In the Netherlands the coordination of agri-environmental schemes (AES) is organized exclusively through 40 collectives across the country. Other EU-member states show great interest in this model. However, little is known about farmers’ willingness to cooperate. Therefore, to shed light on this issue, Contracts2.0 carried out a field experiment with 300 German farmers. So far, preliminary results suggest that farmers are more likely to cooperate than expected.

To study the dynamics between self-interest and cooperation among farmers, public goods games were used. Here, farmers received a sum of money to split between a private and a group account. Giving money into the group account is in the collective interest but at odds with individual interests, on the other hand. Pinpointing the optimal social solution did lead to the largest monetary contribution to the group account even though experts predicted differently (see figure).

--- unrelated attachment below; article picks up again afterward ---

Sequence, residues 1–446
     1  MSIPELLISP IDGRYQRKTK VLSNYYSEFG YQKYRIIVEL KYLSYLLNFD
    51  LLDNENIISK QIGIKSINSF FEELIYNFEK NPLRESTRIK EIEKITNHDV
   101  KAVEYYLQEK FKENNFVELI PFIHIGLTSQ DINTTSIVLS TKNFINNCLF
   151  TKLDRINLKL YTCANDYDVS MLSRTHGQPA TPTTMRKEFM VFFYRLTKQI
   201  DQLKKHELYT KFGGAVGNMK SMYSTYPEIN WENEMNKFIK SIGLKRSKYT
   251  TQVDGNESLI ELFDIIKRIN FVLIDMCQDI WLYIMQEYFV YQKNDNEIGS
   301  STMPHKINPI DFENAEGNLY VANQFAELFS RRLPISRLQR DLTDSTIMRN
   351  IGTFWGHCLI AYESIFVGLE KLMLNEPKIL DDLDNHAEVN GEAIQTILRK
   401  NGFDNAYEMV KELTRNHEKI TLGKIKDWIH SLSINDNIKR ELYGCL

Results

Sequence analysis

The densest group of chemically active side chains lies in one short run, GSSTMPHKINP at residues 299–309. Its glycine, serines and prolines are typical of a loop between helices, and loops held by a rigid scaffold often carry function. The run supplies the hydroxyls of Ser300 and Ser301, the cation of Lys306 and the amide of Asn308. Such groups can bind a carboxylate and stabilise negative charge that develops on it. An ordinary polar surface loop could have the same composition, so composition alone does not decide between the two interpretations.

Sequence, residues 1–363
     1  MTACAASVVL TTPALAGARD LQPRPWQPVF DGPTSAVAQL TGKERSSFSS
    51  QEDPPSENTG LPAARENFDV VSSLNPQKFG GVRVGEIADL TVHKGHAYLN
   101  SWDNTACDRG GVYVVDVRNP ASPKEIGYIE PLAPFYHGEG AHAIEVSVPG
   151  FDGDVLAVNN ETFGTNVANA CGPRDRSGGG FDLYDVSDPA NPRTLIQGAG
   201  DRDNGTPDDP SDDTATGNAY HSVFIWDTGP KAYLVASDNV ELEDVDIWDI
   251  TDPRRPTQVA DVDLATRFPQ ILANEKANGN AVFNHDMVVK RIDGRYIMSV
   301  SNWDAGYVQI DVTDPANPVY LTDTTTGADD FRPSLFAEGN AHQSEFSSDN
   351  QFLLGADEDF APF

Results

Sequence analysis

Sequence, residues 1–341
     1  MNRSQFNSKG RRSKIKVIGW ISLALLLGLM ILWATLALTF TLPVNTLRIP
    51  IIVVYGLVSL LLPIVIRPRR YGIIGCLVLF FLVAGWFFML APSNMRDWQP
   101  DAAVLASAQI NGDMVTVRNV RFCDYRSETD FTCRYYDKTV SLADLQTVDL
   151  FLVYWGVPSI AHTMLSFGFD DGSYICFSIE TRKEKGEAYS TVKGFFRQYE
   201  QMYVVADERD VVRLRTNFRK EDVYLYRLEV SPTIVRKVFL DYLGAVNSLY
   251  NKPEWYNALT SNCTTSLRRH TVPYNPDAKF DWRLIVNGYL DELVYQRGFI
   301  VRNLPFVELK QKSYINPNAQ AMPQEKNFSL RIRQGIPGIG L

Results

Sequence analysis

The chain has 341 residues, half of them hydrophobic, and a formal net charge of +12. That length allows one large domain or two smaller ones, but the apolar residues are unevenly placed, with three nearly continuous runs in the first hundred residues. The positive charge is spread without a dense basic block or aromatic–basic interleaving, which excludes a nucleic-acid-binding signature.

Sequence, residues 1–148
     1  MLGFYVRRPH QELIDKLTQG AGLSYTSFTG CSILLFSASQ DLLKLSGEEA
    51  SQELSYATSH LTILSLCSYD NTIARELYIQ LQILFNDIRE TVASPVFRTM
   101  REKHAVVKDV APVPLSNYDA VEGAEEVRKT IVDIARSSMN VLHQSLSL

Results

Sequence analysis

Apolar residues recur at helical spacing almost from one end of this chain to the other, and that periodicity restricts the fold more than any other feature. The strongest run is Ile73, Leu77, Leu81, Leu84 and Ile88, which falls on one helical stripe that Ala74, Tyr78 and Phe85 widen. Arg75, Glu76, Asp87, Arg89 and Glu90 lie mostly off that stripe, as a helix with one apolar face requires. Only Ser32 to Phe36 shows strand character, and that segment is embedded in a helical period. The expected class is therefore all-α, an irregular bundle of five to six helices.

So far, the  public goods games have presented itself as extremely useful. Researchers and policy makers can easily draw on this application-friendly analytical tool for understanding collaborative behavior. Concrete field implementation as well as results will follow in the coming weeks.